Use 1" inlet/outlet fittings (likely 1 1/4" NPT threads on the tank) - source these first to ensure compatibility.
Use a single drain petcock - but source this first so you know what threads to specify... Typically 1/2" NPT
Don't try to squeeze anything else into the trunk space
Consider using a Rule to feed the EMP in a front-mount setup, I think that actually makes fitting the tank easier given the mounting requirements of the Stewart. See this thread for suggestions on mounting your Stewart at the front of the car.


RESULTS!

First test: using the same "standard speed" Stewart pump from my underhood tank setup last year, I compared IAT2 to the new trunk tank setup - which has roughly 4-5x the water volume as the underhood setup. Pump speed was the same - HOWEVER remember that total RESISTANCE to flow has increased dramatically. This means the fluid velocity was likely noticeably slower with the trunk tank setup. After all, it takes ~40 feet of 3/4" lines to run from the trunk to the front of the car - and yet, no major difference in the IAT2 curve (accounting for gear changes) or in maximum IAT2 observed after a run:


Second test: I compared the standard speed Stewart to the MAX speed repogrammed stewart in only the trunk tank setup with identical ambient air temperatures (78*F about a week apart). Clearly, the MAX speed pump was able to overcome the additional resistance noted above. As other members have mentioned, the primary way heat is expelled from the intercooler system is the temperature delta of the water in the heat exchanger relative to ambient air temperature. Faster flow = more heat dissipation:



IAT2 delta was 15* lower for the reprogrammed pump - that is a NICE looking curve! I do have a similar comparison against the underhood circuit from last year, it was almost identical to the standard speed IAT2 curve plotted above so I won't clutter up this post with another graph.... Clearly, "speed" wins!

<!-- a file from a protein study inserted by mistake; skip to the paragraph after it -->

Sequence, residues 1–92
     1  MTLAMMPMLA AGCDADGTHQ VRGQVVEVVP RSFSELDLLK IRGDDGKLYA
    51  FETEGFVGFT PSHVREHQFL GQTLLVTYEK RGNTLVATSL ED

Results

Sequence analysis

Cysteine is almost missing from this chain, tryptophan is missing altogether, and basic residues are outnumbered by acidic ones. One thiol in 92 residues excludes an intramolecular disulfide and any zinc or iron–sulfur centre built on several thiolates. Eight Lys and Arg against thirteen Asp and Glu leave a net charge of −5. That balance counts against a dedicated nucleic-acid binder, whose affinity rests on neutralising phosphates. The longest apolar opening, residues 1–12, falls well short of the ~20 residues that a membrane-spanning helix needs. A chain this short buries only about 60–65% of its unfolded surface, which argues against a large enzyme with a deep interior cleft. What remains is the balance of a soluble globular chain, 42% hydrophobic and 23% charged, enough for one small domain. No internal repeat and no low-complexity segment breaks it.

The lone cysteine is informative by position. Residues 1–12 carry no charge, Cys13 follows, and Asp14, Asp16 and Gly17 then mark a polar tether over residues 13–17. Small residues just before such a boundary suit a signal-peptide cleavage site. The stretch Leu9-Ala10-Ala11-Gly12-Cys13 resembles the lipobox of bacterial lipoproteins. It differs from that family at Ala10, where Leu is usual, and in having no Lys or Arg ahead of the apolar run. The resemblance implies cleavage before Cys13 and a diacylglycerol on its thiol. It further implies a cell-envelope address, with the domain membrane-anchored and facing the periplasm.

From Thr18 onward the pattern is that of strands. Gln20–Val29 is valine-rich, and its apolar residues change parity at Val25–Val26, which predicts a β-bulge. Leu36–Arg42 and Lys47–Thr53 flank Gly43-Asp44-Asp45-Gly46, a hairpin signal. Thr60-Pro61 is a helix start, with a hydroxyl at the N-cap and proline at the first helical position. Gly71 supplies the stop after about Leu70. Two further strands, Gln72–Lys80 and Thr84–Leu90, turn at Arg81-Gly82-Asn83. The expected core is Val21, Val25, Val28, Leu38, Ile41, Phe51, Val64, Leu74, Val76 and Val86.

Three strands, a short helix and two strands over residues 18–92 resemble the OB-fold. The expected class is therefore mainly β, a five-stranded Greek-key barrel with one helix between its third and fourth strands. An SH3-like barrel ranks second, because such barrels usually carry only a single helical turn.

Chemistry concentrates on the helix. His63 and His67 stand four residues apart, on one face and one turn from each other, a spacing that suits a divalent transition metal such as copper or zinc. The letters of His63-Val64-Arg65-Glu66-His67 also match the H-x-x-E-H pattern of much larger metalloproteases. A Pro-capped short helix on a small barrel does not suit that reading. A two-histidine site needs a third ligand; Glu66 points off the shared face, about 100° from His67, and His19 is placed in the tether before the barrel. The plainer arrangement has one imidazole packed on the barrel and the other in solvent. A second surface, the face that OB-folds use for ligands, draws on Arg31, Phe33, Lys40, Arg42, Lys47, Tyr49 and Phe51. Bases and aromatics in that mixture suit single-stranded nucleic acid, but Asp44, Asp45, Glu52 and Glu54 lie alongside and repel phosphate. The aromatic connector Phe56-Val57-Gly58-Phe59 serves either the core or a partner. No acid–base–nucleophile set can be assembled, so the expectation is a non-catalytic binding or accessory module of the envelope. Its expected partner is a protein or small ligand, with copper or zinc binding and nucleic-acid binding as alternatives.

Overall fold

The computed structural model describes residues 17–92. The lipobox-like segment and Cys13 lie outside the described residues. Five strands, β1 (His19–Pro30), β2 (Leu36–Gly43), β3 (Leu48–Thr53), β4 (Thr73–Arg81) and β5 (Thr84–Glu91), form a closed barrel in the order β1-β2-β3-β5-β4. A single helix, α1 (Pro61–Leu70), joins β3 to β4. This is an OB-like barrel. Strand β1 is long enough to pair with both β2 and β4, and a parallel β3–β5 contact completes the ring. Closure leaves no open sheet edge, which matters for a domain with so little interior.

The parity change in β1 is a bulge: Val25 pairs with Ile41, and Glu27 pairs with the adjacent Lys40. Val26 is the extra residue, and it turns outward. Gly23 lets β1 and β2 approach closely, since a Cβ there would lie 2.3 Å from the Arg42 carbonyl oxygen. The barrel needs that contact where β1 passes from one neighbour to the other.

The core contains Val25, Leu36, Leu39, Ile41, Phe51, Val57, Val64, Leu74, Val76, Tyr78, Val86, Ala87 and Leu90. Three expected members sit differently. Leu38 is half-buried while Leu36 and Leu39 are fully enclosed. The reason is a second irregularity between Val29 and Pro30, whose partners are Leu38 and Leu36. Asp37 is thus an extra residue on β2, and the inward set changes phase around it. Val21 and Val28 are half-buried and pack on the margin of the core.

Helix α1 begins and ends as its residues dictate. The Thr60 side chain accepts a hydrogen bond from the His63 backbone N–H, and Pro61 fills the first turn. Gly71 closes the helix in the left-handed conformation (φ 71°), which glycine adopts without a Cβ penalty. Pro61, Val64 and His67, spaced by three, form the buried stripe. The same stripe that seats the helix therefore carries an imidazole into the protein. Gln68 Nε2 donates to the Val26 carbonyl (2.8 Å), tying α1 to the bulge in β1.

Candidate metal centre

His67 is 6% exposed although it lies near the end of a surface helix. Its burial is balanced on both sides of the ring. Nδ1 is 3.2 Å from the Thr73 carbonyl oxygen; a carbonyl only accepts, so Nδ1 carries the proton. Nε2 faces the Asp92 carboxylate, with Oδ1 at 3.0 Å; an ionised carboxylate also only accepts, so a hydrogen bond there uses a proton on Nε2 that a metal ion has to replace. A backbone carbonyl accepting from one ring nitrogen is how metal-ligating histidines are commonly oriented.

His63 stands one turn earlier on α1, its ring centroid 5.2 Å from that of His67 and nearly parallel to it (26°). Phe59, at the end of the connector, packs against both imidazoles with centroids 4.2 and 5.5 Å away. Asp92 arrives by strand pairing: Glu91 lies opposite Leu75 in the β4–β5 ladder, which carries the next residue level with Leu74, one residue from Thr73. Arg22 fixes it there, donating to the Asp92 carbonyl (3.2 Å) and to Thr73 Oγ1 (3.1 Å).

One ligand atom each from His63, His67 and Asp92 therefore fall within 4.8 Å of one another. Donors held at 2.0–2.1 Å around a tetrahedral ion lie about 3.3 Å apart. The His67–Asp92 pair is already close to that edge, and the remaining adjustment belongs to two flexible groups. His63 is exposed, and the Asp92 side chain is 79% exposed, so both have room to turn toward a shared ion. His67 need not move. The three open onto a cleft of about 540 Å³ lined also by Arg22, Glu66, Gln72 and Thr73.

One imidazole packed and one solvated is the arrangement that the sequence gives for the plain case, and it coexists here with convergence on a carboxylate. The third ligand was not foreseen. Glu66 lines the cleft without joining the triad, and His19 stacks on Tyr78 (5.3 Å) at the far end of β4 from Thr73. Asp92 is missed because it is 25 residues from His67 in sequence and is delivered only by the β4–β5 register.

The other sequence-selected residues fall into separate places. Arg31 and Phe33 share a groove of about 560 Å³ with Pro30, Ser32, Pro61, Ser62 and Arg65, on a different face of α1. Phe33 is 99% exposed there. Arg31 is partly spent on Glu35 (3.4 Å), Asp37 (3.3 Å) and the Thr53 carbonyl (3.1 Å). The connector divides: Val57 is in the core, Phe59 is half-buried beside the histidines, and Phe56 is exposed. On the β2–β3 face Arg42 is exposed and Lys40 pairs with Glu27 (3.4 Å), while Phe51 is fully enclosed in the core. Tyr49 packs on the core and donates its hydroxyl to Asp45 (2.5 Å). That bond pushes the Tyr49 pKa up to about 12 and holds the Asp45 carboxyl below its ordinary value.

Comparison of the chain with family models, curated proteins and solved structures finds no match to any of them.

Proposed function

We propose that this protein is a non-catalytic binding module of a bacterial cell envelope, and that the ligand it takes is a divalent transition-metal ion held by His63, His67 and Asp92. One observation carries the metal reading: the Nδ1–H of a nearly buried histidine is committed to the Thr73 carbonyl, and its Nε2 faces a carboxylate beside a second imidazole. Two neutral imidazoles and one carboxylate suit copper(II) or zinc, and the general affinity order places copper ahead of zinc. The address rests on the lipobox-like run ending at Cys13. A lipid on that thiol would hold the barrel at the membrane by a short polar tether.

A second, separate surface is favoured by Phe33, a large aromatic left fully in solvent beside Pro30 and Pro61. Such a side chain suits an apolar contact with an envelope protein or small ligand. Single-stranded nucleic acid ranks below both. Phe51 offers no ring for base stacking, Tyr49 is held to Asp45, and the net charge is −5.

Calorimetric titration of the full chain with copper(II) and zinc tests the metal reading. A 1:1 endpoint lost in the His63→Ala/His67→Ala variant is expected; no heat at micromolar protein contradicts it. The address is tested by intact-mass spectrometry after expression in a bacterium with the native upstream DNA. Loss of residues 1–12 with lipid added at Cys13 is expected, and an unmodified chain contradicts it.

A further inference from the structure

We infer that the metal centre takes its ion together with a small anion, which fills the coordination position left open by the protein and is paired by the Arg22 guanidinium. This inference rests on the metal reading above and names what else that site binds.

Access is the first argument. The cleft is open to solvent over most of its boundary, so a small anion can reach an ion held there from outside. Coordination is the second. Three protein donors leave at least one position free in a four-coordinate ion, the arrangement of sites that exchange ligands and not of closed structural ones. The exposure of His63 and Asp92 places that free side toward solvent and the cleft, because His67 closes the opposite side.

Third test: Next I compared the MAX speed trunk tank to some data logs I have from the original "standard speed" underhood setup. The trunk tank wins... BUT that's likely due specifically to the additional fluid velocity (beyond that of an underhood tank!); after all, I previously showed that markedly increasing total fluid volume by itself didn't do much:



Last test: I added the underhood tank / STD pump data with the trunk tank MAX and STD pump run all with the same ambient air temperatures in one final graph, to show that by my best ability to measure, the primary benefit to all of this shit was a stronger pump:



I have multiple comparisons that validate this overall comparison - I think it's fair to say that although there are other variables, the MAX speed reprogrammed stewart pump is the single largest contributor.

-----------------------------------------------------------------------------------------------------------------

Upcoming tests, weather permitting:
Hose routing: I will be switching to the "alternate" hose routing outlined in my first post - so that the hottest water from the intercooler brick goes to the intercooler, maximizing the "delta" of coolant temperature to that of ambient air. That should hopefully reduce water temps in the tank and increase heat shedding.

Additives: After this (or maybe at the same time), I will be adding ~3 bottles of water wetter to the system, and seeing if that makes any appreciable difference. After all, my trunk tank data so far is all using straight water, but the "underhood tank" data had some dexcool and 1 bottle of water wetter in it, and it's possible that accounts for a few degrees in IAT2 measurements.



RECOMMENDATIONS:

At this point, for simplicity and cost, my recommendation to anyone without a coolant reservoir is this: an underhood tank of your choosing (Norcal, BMR, D3PE, etc), a reprogrammed Stewart pump, and use 1" hose as much as possible. A larger aftermarket heat exchanger is likely beneficial... but I never tested one by itself. !) Lastly, I would say the ZL1 lid is still helpful, but I would put it last on the list due to cost.

*** Remember that I DID get a beneficial improvement in IAT2 with the underhood BMR tank! So more volume over the stock system IS a good thing. I just had "enough pump" to utilize it, and drastically improving volume further with the trunk tank just didn't give me the "WOW!" effect I was expecting, being offset by the additional resistance. So some extra volume is still good - it just looks like 1-2 gal is great, but 10 gal is too much.*** The stronger pump makes a much bigger difference in this scenario.